Good training may protect the company against the shock and awe of a team of government agents executing a search warrant. Expect those agents to be loud and act aggressively as they try to show absolute control over the scene. The agents will likely gather the employees together and relegate them to a specific area of the business. These tactics can shake people into fear and induce some to cooperate in ways that go far beyond the scope of the search, which can expand the investigation.
Company leaders should prepare employees for what happens in a search, and how people may want to respond. If a search takes place, a company representative should ask to see a copy of the search warrant and also the identifying credentials of the people searching. It may make sense for the company to assign a “warrant team” to represent the company in the event of a surprise search warrant. People on the warrant team may have higher levels of training, so they can keep people calm and potentially limit the intrusiveness of the government investigation. The designated leader of the warrant team may want to take the following measures in the event of a surprise search warrant:
- Contact the company’s designated attorney and corporate leader—which means the team leader should have the appropriate people’s contact information.
- Request that the agents postpone the search until counsel arrives.
- Request identification from the people on the search team.
- Review the warrant and, if available, the affidavit the investigators used to persuade a judge to issue the search warrant.
- Ask the agents not to begin the search until after they have provided the warrant; although the agents will resist, the request may preserve rights to challenge procedures during later proceedings. A thorough review of the search warrant and possible affidavit may help the leader request that the agents confine their search to the precise scope authorized by the warrant.
- Proper training may help the leader recognize defects in the warrant, such as a failure to describe the premises to be searched, or what the agents may seize, or the lack of a signature by an appropriate judge.
- The leader may ask the agents for an opportunity to confer with counsel prior to the start of the search to determine whether the warrant has any defects. If the leader finds defects in the warrant, the leader should point the defects out to the agents and object to the search. Although the agents will likely continue, the objection may preserve the company’s rights. The team leader should go on record to say that the company objects to the search.
- The team leader should have some level of training on the Fourth Amendment of the Constitution, and how Courts have ruled that warrants must describe places to be searched and things that agents can seize. The team leader should have training that will empower the leader to understand what the agents can and cannot do.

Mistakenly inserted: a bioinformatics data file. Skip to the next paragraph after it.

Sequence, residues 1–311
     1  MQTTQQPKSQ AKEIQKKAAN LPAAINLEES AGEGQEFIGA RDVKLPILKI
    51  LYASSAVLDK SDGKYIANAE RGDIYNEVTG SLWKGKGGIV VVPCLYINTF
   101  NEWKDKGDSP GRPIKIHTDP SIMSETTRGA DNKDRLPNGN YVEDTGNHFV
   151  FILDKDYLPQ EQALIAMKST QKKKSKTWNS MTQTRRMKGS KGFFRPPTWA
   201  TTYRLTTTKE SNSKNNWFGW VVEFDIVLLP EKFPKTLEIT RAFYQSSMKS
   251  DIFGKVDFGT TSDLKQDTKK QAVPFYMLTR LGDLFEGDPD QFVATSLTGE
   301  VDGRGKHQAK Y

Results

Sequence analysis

- The team leader should request the agents to provide an inventory list of everything they’ve seized.
- If the agents come with a surprise search warrant, the team leader should advise all employees of their rights. Remind people that they have a right to counsel, and if they choose, they may remain silent. Perhaps the leader could direct employees to a link of a cloud-based statement of rights that they may access through smart phones.
- The leader should strive to protect privileged information that should belong to the company and its law firm.
- The leader should strive to monitor the search and record the agents’ activities. A good leader may take thorough notes. By memorializing the areas where the agents searched and the materials the agents seized, the leader may provide information that can assist counsel later. Include date and time and any other observation that may be helpful to memorialize the search. If the agents object to video cameras, the team leader should ask the agents to state objections formally to counsel.
- The company may have the right to record the search by any means, so long as recording does not interfere with the agents’ duties. There isn’t any reason why unobtrusive videotaping, audio taping, or photography would interfere with a search. But since the agents are so intimidating, an untrained workforce may not think to record.
- Team leaders should not put themselves at risk of being arrested by the law enforcement officers for obstructing the search.
- Team leaders should request that the agents make copies of any electronically stored materials, rather than removing computer hard-drives, or other computers from the office. The team leader must know how to get backup materials. If possible, the leader should attempt to coordinate with the agents so that the results do not completely obliterate the business’s ability to operate. The company’s attorney should provide specific language the leader may use to preserve all of the company’s rights.
- After the search, the team leader should provide a full report to the company’s attorney.